By Ed Bruske
aka The Slow Cook
Here's some news: frozen food doesn't have to be bad. For instance, you can do some pretty amazing things with frozen chicken.
Okay, so it isn't local, pastured chicken. It comes from a factory farm (CAFO: confined animal feedlot operation) far away, processed most likely by an industry giant like Tyson. But this is, after all, school food, made on a tight budget and frequently chicken is on the list of the U.S. Department of Agriculture's commodity foods, meaning schools get a substantial break on the price.
When you make school food, you also have to make some compromises.
In Boulder, Colorado, I had a fabulous barbecued chicken sandwich made from frozen "diced chicken." There, Ann Cooper has hired professional chefs to devise recipes that turn simple frozen and canned products into delicious cafeteria food. Here you see "honey mustard chicken," as Chartwells calls it, wrapped in a "whole wheat" tortilla with lettuce.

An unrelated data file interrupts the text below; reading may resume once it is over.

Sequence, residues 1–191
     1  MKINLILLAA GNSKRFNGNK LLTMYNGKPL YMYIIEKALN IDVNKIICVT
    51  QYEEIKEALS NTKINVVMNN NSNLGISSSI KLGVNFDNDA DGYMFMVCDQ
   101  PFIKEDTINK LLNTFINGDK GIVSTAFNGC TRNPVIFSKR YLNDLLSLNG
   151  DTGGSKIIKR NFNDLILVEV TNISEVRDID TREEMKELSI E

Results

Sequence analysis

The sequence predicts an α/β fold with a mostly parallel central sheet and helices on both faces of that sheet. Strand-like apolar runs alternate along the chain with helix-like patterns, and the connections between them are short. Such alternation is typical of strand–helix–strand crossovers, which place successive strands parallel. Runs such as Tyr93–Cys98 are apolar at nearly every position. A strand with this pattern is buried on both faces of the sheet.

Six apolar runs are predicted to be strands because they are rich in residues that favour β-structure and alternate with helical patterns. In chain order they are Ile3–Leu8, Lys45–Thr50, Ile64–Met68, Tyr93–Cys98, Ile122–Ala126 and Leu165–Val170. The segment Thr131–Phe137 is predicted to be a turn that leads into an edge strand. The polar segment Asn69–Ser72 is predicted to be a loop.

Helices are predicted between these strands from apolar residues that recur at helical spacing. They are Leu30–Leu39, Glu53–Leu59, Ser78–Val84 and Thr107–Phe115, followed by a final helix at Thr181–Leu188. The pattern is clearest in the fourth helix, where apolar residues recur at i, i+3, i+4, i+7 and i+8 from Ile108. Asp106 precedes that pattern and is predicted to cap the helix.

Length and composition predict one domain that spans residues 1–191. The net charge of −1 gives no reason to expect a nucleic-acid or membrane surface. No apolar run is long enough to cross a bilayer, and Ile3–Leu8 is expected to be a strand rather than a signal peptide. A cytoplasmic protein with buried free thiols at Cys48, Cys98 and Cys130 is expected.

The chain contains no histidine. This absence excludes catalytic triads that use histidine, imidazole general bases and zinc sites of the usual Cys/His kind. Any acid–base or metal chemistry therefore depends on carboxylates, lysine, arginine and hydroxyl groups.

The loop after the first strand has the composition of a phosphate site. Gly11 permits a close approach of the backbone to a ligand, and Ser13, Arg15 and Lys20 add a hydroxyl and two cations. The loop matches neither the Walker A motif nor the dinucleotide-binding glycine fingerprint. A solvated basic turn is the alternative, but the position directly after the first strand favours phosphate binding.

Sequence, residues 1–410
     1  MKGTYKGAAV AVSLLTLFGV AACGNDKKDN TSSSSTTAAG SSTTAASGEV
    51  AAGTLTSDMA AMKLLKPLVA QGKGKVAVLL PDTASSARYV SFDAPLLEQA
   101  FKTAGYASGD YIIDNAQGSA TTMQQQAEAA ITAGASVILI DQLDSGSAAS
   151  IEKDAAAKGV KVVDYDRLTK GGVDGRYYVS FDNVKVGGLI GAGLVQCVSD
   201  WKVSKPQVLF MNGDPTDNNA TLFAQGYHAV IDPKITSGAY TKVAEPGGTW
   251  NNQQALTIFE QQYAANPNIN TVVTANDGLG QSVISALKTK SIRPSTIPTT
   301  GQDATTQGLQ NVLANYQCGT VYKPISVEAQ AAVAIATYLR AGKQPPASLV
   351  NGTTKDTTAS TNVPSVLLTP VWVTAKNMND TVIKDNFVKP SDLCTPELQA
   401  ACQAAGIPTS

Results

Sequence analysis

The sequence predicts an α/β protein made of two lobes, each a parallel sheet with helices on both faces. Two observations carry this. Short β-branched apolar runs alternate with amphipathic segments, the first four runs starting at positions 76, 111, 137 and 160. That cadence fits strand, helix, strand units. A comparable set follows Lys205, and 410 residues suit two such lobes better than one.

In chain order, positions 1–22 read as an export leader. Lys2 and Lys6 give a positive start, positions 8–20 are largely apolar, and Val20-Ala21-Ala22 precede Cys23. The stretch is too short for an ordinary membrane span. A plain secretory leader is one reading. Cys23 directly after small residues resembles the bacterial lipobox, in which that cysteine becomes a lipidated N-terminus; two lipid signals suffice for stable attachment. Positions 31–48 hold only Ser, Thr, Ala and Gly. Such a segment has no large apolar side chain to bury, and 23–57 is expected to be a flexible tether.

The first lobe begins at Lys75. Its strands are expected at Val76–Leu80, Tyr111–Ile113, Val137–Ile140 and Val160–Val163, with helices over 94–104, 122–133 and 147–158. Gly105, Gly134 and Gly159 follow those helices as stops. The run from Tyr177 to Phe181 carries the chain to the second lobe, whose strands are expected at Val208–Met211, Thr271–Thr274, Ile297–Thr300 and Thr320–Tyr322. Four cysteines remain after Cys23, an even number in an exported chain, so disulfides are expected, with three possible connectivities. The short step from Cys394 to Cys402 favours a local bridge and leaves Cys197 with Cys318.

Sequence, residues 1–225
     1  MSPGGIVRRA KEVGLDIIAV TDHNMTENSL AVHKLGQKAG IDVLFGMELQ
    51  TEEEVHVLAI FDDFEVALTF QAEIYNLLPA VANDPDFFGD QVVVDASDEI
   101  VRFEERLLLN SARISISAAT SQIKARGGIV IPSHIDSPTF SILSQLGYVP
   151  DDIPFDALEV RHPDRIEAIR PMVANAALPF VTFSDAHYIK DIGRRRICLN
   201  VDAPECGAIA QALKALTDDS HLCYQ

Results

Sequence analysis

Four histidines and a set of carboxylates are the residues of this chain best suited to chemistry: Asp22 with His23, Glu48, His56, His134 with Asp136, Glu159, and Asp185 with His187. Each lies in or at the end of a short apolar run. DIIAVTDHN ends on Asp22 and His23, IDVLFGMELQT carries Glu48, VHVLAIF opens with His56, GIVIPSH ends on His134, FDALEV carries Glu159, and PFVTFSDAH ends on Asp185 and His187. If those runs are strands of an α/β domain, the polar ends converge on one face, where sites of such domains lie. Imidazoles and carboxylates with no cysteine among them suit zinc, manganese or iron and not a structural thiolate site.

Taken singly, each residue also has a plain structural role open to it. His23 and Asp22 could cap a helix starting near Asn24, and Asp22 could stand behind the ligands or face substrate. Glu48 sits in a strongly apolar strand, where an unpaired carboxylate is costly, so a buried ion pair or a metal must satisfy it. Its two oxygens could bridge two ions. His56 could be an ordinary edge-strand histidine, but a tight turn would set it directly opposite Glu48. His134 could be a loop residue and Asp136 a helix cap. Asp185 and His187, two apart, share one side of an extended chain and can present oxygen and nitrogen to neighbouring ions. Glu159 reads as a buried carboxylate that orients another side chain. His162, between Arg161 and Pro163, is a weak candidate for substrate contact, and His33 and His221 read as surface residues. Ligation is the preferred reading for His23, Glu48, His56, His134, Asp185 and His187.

This is offered on Tuesday's as the cold alternate to the hot meal selection in D.C. schools. It's not true that school food has to be bad. But making it better does require some imagination and motivation to spend a little extra effort.
To be honest, however, few of the kids at my daughter's elementary school choose options like this and I think that's primarily because they just aren't familiar. As I learned during my week in Boulder, where the food services department was actively recruiting parents and student interns to help in the cafeterias, it takes active taste-testing and coaching in the cafeterias to get kids to eat new and different foods.
Unfortunately, here in D.C. we haven't seen any effort on the part of our local food services team to collaborate with parents or the broader community. We can hardly get them to communicate anything at all.
1 month ago